• information about the care Mr F provided B.
  8. Mr F and B’s mother applied to Court to settle their dispute about B’s care. CAFCASS (the Children and Family Court Advisory and Support Service) contacted the Council asked the Council for information. Mr F alleges the Council provided inaccurate and misleading information to CAFCASS which he believes adversely affected the Court’s view of him.
  9. Mr F wants compensation for the stress, damage to his reputation and ‘negative outcome in the family courts’.

Complaint 1: the Child and Family Assessment was inaccurate and biased

  1. Mr F complains the Child and Family Assessment completed by the Council was inaccurate and biased.
  2. In response to Mr F’s complaint, the Council acknowledged that the assessment could have been better and agreed to amend the report. It took longer than the Council anticipated to amend the report due to the absence of a key member of staff. The Council apologised for the delay.
  3. The amendments did not change the outcome of the assessment.
  4. Mr F remained unhappy and complained to the Ombudsman.
  5. I have carefully considered the assessment, Mr F’s complaint and the amendments the Council made following Mr F’s complaint. It is important to remember that the Ombudsman does not reassess Mr F, B or B’s mother. The Ombudsman’s job is to carry out an administrative review and check the Council followed the correct procedure. In this case, Mr F challenged the assessment, the Council considered his comments and changed the assessment as a result. The Council has taken account of Mr F’s views and changed the report. There was no fault.
  6. Mr F is unhappy with the length of time the Council took to amend the report. The Council explained the reason for the delay was the absence of a key officer due to sickness. I do not consider the delay was the result of fault.

Complaint 2: the Council provided a copy of the uncorrected report to CAFCASS resulting in inaccurate and biased information being used in private family proceedings.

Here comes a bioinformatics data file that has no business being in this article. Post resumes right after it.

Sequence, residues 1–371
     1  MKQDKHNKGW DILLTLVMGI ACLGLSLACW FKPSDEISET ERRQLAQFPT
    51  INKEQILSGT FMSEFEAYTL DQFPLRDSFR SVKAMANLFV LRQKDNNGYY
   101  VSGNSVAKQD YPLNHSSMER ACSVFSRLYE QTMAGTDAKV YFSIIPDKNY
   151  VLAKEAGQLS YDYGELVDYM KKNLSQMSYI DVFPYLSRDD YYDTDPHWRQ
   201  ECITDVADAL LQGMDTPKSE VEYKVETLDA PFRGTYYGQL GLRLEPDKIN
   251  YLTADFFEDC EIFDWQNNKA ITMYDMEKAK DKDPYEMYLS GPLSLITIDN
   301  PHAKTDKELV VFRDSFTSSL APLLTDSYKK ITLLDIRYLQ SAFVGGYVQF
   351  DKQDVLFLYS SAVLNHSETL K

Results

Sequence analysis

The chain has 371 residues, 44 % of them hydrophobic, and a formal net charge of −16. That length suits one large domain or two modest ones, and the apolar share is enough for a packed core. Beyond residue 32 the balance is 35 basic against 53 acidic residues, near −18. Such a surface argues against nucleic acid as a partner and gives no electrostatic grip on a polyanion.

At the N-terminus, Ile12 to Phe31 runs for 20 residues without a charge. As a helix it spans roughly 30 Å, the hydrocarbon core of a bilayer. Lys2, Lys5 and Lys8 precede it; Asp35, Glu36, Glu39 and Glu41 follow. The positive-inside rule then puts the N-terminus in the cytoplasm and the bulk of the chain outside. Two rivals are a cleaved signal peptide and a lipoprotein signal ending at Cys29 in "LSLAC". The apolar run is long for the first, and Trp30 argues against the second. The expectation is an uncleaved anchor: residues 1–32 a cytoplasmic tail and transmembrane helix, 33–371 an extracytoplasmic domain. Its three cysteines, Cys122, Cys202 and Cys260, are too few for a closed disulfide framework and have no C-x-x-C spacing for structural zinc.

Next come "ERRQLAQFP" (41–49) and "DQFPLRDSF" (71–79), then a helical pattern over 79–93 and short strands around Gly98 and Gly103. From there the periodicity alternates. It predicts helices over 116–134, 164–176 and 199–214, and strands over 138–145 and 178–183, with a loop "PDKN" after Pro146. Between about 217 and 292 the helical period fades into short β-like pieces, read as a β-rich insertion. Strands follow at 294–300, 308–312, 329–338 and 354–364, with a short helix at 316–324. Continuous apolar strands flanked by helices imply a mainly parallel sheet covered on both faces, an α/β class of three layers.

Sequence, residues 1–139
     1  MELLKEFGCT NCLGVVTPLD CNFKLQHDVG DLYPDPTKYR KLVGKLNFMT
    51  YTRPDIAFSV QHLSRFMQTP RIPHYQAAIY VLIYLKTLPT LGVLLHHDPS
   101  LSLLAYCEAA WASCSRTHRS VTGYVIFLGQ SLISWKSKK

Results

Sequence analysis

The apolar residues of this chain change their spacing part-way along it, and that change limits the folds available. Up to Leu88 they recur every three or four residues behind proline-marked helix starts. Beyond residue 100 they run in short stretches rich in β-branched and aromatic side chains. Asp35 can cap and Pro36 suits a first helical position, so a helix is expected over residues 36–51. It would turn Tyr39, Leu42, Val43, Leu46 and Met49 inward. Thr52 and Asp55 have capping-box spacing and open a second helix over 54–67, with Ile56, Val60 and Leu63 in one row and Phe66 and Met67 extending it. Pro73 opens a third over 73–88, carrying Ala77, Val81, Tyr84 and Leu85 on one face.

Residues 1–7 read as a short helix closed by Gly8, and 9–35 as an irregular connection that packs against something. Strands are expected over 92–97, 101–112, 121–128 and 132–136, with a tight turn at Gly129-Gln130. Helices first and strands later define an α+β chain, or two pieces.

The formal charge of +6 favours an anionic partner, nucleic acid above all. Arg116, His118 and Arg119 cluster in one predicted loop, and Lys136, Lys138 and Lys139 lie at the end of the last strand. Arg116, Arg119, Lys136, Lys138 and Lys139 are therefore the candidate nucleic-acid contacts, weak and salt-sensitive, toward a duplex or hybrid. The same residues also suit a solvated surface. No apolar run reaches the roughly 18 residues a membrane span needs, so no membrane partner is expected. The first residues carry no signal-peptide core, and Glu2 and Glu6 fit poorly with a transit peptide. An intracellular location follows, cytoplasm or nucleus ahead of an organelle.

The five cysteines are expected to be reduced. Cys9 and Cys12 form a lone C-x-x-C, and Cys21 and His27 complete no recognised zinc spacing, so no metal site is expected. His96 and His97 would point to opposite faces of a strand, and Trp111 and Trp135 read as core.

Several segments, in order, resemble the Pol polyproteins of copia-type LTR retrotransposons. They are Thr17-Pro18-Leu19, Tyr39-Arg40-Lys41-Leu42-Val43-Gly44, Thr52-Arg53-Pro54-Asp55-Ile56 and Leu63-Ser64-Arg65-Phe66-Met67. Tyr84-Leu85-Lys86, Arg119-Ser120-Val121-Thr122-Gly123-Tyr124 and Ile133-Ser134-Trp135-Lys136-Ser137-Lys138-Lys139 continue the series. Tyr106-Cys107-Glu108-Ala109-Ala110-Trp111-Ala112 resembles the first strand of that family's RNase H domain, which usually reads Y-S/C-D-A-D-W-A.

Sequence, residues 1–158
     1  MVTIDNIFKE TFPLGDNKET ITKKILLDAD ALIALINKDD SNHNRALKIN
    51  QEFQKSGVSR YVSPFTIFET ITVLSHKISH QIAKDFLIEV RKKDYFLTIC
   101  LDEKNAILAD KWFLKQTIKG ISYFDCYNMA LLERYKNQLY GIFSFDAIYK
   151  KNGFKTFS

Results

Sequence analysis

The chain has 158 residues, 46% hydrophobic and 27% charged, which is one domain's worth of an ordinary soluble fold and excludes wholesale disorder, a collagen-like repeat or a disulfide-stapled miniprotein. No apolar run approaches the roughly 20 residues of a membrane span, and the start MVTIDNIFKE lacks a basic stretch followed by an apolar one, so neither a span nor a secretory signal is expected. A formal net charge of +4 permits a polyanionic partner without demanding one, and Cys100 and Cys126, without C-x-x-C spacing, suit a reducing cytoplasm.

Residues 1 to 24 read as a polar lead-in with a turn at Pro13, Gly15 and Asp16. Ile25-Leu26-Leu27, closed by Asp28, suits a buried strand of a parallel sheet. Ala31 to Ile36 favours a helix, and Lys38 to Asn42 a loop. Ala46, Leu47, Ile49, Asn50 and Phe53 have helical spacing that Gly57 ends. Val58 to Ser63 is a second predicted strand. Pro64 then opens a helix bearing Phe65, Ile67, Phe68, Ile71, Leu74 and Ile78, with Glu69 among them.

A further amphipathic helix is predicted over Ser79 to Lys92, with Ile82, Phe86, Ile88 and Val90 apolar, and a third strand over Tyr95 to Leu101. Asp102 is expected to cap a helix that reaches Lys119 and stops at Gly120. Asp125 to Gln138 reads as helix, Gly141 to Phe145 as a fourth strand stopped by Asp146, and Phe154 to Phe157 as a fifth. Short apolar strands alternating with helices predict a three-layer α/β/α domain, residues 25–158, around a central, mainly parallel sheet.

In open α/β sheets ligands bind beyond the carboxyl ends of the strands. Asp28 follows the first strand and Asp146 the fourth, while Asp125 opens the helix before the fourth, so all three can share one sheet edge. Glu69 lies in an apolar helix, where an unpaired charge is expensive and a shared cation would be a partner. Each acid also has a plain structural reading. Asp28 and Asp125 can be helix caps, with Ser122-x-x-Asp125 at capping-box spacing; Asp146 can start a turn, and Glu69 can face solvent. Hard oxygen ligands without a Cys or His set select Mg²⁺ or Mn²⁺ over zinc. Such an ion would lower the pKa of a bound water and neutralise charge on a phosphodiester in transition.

1. Mr F alleges the Council provided inaccurate and misleading information to CAFCASS which he believes adversely affected the Court’s view of him when he and B’s mother applied to Court to settle their dispute about B’s care.
  2. In April 2017, CAFCASS asked the Council for information about Mr F, B and B’s mother. The Council completed a short questionnaire and returned it to CAFCASS. This was before Mr F’s complaint when the Council acknowledged that the assessment could have been better and agreed to amend the report.
  3. The Council did not send a copy of the CAF report to CAFCASS. The information the Council sent to CAFCASS did not change following Mr F’s complaint. There was no fault.

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Final decision

  1. I have ended my investigation. There was no fault by the Council as the Council took account of Mr F’s comments and changed the CAF assessment, and the Council did not send any of the information Mr F challenged to CAFCASS.

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Investigator's decision on behalf of the Ombudsman